Well, if you plan it right, there is a solution to having an almost unlimited supply of power for your lights and small electronics, and it’s actually pretty simple if you think it through. Check out below!
This device is way above my pay grade, but it is such an impressive piece of equipment that I had to bring it to your attention. You are looking at a creation that could wind up on the store shelves in REI.
I am very impressed with this and the build is possible but would take a lot of skills to accomplish. Still, I think that is half the fun of these. If you are looking to create something that will get tremendous use, you have it right here.
The creator must have had a great grip on the needs of the average camper. I love the idea of the LED torch and the easy carry handle. This piece of equipment is impressive and would easily have a home in my right hand as I stroll down the path.
Having electricity is a huge convenience, even if you’re camping. Not only can it charge electronics, but you can use for critical equipment. It can make things more comfortable.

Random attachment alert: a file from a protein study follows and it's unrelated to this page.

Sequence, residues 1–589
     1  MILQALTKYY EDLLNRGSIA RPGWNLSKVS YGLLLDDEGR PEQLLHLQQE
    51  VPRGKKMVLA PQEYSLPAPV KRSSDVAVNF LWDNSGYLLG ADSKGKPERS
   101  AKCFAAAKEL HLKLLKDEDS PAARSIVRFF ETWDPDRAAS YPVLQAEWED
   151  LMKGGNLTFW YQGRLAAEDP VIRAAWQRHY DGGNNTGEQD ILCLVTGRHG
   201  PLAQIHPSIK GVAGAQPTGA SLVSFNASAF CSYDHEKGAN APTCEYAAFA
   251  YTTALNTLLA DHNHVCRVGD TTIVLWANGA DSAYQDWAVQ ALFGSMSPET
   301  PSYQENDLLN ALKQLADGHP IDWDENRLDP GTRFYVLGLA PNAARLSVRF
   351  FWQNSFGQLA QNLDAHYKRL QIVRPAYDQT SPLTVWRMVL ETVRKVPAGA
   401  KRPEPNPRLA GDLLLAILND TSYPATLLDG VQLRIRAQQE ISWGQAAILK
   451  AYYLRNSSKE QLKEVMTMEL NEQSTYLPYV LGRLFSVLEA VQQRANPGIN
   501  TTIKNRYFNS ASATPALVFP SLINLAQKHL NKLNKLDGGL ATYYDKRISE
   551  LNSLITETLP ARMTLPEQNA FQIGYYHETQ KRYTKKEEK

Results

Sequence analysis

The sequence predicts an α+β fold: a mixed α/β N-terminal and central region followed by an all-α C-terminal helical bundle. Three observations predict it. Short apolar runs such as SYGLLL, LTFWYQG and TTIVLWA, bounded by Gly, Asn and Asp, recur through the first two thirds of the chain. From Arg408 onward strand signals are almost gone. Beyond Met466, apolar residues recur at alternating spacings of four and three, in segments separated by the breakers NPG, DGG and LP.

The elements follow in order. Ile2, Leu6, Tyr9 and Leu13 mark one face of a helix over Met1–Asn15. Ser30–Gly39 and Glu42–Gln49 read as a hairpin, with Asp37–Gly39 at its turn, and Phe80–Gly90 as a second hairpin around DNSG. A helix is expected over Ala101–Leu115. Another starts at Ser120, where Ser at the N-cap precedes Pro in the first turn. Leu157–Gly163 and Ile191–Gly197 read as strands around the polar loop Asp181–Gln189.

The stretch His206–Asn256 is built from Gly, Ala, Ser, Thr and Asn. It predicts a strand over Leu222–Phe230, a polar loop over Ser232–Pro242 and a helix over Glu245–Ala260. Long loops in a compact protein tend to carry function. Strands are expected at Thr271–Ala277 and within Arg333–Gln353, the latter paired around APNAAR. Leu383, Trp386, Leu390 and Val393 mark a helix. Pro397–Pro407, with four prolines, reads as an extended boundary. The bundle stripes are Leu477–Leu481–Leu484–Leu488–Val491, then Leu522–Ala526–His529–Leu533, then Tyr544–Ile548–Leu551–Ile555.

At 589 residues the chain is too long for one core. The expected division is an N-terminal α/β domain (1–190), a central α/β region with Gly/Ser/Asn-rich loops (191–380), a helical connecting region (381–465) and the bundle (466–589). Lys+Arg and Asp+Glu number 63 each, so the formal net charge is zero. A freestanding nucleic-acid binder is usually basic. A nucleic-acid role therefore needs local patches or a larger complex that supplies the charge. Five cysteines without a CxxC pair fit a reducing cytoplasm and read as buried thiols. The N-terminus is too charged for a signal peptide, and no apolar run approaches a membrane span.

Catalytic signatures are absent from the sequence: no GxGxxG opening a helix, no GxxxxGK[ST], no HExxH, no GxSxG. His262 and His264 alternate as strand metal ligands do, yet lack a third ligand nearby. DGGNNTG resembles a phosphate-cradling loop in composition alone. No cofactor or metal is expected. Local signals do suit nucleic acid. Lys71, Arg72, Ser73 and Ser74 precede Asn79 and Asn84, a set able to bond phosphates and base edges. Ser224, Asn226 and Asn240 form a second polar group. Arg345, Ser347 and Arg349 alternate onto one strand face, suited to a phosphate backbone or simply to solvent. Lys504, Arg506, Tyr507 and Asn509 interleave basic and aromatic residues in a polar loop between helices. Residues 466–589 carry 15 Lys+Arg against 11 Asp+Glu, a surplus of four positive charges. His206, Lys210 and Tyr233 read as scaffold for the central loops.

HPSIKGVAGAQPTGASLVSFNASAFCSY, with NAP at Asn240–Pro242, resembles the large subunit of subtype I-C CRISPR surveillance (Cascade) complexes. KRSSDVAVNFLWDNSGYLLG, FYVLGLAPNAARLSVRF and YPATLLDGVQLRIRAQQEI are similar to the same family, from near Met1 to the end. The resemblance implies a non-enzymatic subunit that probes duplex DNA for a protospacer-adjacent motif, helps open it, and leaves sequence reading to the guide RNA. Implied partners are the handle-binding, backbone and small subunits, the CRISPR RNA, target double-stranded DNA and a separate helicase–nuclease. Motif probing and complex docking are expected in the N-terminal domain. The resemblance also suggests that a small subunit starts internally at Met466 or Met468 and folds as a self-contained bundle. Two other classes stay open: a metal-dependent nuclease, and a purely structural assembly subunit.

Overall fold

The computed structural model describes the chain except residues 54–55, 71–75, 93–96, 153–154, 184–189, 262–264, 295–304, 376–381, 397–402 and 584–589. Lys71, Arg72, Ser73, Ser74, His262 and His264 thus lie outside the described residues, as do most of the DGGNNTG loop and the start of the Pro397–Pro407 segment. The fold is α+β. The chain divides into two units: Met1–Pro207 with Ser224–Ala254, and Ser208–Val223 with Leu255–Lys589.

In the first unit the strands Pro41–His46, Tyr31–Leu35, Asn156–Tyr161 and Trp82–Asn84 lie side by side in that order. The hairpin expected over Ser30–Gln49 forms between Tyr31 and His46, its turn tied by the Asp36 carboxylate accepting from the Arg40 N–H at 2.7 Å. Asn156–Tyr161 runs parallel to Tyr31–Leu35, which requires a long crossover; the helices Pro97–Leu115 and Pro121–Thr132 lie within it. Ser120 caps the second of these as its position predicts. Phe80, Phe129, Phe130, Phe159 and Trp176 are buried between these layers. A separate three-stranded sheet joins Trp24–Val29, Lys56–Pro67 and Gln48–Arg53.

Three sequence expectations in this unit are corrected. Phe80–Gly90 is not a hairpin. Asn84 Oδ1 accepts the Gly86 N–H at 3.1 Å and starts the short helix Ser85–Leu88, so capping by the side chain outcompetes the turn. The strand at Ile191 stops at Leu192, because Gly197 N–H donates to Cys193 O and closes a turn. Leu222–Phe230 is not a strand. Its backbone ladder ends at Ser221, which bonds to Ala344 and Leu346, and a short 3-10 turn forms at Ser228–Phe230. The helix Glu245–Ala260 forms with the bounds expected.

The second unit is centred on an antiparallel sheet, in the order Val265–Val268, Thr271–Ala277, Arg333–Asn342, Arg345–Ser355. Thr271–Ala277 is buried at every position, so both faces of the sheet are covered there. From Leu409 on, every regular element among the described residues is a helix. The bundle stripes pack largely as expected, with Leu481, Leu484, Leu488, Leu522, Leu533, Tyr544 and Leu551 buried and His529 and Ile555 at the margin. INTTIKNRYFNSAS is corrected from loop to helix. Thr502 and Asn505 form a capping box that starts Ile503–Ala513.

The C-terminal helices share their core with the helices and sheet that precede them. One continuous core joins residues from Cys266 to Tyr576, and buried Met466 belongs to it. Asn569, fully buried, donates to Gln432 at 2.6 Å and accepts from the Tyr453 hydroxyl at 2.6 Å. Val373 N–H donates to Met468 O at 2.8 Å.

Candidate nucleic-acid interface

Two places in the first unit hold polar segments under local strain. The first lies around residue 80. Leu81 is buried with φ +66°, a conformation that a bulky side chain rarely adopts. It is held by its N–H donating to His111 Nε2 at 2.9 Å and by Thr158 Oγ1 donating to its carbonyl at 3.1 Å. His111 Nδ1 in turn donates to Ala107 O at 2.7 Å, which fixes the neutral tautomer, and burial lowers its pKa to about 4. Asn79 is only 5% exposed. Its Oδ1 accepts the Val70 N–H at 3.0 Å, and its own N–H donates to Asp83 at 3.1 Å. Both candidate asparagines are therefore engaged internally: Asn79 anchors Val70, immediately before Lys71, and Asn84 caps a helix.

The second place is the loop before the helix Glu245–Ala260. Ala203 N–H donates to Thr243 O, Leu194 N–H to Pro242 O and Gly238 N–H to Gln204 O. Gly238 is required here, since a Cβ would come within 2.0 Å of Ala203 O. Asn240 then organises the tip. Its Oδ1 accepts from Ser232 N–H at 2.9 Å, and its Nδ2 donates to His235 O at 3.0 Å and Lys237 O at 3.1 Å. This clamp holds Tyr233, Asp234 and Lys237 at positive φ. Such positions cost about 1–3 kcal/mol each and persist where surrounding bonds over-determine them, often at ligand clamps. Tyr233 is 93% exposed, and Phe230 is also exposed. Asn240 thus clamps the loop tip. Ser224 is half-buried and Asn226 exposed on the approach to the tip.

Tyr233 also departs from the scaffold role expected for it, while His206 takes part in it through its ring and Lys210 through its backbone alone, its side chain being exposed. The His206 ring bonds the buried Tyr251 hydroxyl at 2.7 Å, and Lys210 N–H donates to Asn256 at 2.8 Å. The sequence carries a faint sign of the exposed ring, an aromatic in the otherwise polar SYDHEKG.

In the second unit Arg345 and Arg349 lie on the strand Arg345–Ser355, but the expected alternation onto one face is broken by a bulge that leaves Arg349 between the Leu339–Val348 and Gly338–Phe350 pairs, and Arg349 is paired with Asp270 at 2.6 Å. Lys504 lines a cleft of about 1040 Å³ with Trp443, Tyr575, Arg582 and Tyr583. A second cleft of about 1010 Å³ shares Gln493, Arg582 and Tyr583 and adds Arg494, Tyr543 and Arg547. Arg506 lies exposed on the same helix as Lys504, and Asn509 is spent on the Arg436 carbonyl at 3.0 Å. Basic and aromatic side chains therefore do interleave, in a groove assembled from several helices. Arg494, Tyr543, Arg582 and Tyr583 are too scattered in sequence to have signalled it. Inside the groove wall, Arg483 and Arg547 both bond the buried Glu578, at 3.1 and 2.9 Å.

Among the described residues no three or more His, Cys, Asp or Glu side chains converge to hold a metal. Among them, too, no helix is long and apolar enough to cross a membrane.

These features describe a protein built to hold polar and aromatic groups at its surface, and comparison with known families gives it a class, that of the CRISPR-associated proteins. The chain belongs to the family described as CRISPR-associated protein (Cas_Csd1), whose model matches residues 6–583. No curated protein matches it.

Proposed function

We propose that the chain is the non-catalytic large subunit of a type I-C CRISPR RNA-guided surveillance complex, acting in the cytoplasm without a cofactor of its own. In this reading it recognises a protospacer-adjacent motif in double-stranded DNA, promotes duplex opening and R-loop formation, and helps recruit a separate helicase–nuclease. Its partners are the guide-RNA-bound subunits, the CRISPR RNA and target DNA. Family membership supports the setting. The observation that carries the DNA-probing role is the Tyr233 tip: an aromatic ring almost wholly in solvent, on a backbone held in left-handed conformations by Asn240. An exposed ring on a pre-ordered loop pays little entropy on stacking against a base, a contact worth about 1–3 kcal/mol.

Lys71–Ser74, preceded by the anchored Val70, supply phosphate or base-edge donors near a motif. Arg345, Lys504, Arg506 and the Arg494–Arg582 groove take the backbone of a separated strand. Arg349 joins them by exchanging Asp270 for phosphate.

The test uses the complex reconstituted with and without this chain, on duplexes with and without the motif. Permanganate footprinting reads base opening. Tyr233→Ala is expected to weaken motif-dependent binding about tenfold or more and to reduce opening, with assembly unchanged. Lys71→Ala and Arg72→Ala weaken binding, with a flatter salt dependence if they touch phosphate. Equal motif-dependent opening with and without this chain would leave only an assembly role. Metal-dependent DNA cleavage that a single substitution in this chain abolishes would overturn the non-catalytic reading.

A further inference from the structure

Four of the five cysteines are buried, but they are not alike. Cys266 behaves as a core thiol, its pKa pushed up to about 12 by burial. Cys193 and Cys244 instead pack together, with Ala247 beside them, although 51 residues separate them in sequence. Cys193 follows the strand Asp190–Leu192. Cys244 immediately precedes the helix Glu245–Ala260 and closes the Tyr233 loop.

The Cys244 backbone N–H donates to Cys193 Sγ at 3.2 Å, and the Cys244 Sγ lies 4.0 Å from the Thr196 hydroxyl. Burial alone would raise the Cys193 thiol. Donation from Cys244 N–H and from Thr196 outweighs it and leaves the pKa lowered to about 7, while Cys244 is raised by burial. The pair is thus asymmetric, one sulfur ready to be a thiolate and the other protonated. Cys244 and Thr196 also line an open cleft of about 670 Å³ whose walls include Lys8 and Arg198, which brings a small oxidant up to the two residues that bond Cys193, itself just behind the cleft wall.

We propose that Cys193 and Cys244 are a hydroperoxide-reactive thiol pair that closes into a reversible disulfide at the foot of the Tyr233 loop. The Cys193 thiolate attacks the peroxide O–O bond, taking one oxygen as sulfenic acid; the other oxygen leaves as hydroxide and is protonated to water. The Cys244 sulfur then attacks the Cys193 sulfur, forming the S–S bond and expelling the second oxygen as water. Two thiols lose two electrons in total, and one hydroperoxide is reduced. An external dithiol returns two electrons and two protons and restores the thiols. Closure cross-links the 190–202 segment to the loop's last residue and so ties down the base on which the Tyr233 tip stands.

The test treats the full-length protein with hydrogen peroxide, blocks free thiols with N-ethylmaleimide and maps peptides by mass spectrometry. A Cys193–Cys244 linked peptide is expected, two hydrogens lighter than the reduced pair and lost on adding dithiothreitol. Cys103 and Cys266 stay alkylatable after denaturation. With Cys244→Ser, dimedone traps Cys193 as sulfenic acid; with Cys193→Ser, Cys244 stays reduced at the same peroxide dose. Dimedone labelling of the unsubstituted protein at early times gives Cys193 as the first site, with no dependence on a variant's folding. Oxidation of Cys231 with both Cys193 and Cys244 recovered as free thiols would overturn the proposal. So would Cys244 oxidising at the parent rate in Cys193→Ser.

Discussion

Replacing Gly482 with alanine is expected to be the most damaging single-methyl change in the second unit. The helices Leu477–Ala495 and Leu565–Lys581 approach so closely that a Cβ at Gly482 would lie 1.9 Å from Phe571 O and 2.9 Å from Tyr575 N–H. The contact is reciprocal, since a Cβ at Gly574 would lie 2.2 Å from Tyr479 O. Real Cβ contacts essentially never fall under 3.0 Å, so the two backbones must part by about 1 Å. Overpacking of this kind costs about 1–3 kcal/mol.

Having a small power unit can help you:
- run an emergency radio
- run the lights around your camp
- jump start your vehicle
- charge your cell phone in case of emergency or to use as a backup navigation device
- run a CPAP machine
- run the pump on your inflatable mattress if you’re glamping
- it can even come in super handy during a power outage at home
There are many portable power units on the market now that you can get pretty easily such as the Goal Zero Yeti 400 Solar Generator Kit, which is a great setup and will do a lot of what you might need.
But what if you could build something similar at home for much cheaper?
Graywolf Survival has an article explaining how he took basic equipment he already had and put it together for a unit to run his ham radio and other electronics when he’s camping or if he has to bug out for a while. Even if you don’t end up wanting to build your own, you’ll understand what you’d need in an off-the-shelf unit better.